Protecting your pooch: Five hazards to avoid on dog walks

Maggie Davies

As any dog owner knows, it’s crucial to take your four-legged friend out for some fresh air and exercise every day. But when you take your dog for their daily run around, there can be more hazards waiting for you than you may realise. Pet healthcare specialists Bob Martin break down five key dangers you and your dog may encounter and share their top tips on how to avoid them.

1. Weather conditions

One of the more obvious yet important hazards posed when walking your dog is the elements. If there’s any adverse weather, be that cold, warm, or wet, remember that your dog needs adequate protection just as much as you do. Smaller dogs or those with a shorter coat will need a jacket to keep their core temperature up, whereas those with thicker fur or cold weather dogs like huskies can handle lower temperatures better. If there’s snow and ice that could get treacherous then the conditions may even call for snow boots, which are equal parts practical and adorable.

However, the summer months can be just as hazardous to dogs as they can get dehydrated or overheat. As well as keeping walks shorter on hot days, always carry a water bowl for drink breaks and find opportunities for your pooch to play in the shade. A good rule of thumb when walking on pavements or similar surfaces is to hold the back of your hand against it for ten seconds: if it’s too hot for you, it’s too hot for your dog’s paws, so try to find some cooler terrain like grass.

If you need to walk near busy roads, be sure to keep your dog on a short lead and as far away from traffic as possible. If you can only walk them in the evenings, be sure to fit them with a reflective coat or LED collar — and wear reflective materials yourself — so that both you and your pooch can be seen by passing cars.

2. Edible hazards or pests

Your dog will no doubt be excited about every new sound and smell they discover outside, but this can often mean they encounter pests or edible dangers. Playing in grass and woodlands can result in ticks or fleas that are not only uncomfortable for your dog but also very inconvenient for you! Try to keep up a regular routine of flea and tick treatment to keep any contact with pests under control.

Not only is it common courtesy to pick up after your dog and prevent others from standing in it, but they can get worms and a whole host of illnesses from eating other dogs’ mess. However, certain plants can also be harmful if eaten, such as acorns, fungi, or spring bulbs, so be alert during every walk and always check when your dog looks like they’ve got something in their mouth.

3. Water safety

Most dogs relish the thought of jumping into the nearest pond or lake, and it’s undoubtedly fun for owner and pet alike. However, if you’re not careful this can sometimes prove to be dangerous: for instance, it’s best not to let them in the water if it’s a cold day, as this may overexpose them to the low temperatures.

Similarly, if your dog isn’t trained to respond to your calls yet, it’s best to avoid letting them in any open water and instead stick to paddling in ponds or brooks. While they may be having fun swimming in deeper waters, they can easily get swept out in rivers with strong currents and this is a particular hazard when walking your dog by the sea. Always keep them in your sights when swimming anywhere and have a ball or a treat with you in case you need to lure them back.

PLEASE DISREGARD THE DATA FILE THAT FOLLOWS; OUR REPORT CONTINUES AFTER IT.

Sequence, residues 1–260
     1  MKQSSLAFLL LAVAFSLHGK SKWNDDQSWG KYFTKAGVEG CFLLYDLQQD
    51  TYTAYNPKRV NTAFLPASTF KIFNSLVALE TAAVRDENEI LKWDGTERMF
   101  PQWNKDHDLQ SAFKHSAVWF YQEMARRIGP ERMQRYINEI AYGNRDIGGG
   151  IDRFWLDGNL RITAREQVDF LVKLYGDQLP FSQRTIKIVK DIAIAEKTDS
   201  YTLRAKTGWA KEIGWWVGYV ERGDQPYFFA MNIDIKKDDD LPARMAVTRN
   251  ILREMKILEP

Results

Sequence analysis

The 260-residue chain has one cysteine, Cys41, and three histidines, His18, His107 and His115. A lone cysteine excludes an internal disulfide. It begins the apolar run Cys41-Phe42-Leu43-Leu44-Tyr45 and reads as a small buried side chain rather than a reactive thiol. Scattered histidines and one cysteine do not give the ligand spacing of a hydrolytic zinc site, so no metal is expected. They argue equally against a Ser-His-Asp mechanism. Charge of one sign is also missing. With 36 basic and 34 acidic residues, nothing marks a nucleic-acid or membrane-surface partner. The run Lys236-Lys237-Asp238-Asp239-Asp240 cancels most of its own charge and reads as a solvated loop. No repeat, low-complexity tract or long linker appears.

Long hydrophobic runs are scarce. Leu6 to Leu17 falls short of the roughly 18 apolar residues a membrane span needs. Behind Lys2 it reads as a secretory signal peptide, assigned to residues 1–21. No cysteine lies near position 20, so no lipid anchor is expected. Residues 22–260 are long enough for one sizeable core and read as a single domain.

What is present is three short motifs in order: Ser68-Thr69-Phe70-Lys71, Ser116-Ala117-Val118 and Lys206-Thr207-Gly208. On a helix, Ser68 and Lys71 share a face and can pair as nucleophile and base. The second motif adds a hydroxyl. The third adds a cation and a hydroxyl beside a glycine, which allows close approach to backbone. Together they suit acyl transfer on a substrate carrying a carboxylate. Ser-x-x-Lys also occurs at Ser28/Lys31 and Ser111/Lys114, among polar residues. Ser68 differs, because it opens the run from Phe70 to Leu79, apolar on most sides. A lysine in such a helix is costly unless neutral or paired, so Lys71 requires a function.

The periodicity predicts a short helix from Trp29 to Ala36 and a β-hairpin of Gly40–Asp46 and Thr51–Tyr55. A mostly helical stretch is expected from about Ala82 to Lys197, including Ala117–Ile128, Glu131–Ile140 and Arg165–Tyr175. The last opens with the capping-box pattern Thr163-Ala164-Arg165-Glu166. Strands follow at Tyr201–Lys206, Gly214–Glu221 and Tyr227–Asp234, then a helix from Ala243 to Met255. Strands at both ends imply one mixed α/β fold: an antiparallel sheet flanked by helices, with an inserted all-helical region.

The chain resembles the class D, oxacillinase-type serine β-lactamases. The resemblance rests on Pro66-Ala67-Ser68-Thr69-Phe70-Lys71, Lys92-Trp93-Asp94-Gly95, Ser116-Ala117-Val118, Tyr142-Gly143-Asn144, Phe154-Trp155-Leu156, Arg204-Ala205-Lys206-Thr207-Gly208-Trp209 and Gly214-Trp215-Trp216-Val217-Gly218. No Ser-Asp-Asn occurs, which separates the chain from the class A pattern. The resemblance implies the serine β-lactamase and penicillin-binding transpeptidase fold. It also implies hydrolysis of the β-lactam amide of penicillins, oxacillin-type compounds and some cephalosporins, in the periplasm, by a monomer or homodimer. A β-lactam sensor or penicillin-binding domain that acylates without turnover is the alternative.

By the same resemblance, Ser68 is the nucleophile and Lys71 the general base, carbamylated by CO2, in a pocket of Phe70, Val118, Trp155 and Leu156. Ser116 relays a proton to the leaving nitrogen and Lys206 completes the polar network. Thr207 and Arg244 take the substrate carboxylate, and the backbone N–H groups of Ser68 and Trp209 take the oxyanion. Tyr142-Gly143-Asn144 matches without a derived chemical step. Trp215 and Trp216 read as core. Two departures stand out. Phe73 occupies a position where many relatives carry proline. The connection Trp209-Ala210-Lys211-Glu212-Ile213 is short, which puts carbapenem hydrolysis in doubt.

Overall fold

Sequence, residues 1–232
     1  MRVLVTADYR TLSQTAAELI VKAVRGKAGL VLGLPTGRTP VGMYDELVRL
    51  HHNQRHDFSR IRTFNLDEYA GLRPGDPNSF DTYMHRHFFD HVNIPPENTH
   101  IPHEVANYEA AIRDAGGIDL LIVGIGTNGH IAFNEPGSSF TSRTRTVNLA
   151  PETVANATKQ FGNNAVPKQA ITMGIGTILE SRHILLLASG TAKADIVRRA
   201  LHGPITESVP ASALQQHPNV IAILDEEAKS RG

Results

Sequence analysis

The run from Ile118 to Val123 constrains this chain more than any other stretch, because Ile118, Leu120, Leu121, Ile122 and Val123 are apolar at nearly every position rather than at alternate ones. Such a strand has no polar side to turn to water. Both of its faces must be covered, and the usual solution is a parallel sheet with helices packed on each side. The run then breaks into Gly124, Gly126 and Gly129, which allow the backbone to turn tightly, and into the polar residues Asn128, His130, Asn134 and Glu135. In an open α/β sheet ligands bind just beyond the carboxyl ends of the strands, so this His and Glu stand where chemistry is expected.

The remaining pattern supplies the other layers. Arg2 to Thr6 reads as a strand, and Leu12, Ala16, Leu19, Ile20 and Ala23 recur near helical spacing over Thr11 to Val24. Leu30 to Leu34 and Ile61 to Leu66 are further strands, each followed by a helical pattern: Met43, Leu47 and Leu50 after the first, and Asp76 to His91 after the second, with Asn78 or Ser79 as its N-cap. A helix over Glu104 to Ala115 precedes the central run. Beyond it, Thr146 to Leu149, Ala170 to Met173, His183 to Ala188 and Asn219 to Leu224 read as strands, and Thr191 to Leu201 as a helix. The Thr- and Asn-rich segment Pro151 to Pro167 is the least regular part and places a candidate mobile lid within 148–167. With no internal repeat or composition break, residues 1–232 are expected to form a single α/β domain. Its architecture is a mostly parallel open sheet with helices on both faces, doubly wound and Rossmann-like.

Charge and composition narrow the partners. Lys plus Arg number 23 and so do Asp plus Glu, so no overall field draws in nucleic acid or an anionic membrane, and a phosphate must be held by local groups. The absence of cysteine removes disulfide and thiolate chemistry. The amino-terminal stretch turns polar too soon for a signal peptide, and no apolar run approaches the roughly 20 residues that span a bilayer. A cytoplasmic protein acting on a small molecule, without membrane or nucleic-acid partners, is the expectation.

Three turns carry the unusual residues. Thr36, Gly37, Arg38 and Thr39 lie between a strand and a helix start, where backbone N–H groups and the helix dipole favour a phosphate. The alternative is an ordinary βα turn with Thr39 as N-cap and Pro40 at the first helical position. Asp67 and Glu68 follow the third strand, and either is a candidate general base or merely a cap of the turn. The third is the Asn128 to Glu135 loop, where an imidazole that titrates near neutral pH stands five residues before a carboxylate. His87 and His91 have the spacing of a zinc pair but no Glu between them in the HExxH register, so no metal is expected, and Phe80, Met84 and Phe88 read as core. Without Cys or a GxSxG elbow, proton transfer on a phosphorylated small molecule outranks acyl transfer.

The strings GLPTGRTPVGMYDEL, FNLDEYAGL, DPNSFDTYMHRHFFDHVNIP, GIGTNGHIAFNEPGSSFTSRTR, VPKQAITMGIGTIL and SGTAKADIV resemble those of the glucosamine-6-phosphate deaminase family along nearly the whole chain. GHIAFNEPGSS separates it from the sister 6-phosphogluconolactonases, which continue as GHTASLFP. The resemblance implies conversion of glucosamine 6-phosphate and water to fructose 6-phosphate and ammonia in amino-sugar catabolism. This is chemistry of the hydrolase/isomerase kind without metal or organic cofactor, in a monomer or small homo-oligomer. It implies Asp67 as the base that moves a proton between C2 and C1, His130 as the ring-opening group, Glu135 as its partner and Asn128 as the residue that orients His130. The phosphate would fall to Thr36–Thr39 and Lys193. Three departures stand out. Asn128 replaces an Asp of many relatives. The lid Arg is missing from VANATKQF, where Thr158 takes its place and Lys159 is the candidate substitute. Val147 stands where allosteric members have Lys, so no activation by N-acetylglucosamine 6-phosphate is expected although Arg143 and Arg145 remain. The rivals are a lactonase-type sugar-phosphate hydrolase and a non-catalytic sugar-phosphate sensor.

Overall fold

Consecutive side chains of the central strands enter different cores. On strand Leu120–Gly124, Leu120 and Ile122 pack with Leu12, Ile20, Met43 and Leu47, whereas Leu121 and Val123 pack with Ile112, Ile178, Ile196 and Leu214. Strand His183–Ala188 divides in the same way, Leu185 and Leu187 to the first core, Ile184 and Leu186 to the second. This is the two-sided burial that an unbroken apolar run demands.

4. Other dogs

Especially if your dog is young or naturally excitable, encountering other dogs can make your walks a little chaotic. When heading into a busy dog park for the first time, keep your pooch on a short lead (preferably with a harness, which is often more comfortable than a collar) to keep them from jumping at any passing dogs and their owners.

However, even if your dog is well socialised and obedient off the lead, others may not be. While it’s perfectly fine to let your dog sniff and meet other furry friends, if they seem wary or even aggressive in temperament it’s best to stay at a distance and keep to yourselves, to avoid any confrontation.

5. Getting lost

According to research by More Than, approximately five dogs go missing in the UK every single day. Whether it’s running away, getting stolen, or simply going missing without explanation, one in 10 owners have reportedly experienced this heartbreak and worry over losing their dog.

The most effective way to prevent this is by microchipping your pets as soon as you get them. This dramatically increases the chances of finding your dog if they get lost, and it’s a relatively pain-free and inexpensive procedure to do. Just be sure to have recent pictures of your dog to go alongside their ID and microchip information (as if our camera rolls weren’t full of them already!).

As well as microchipping, be sure to fit your dog with a nametag that includes your phone number in case they wander off and get found by somebody else. Most importantly, before undertaking more remote walks or letting them roam free off the lead, you should be confident that they will respond to their name and return to you when called.

(Article source: Bob Martin)

(Image courtesy of Dariusz Grosa)

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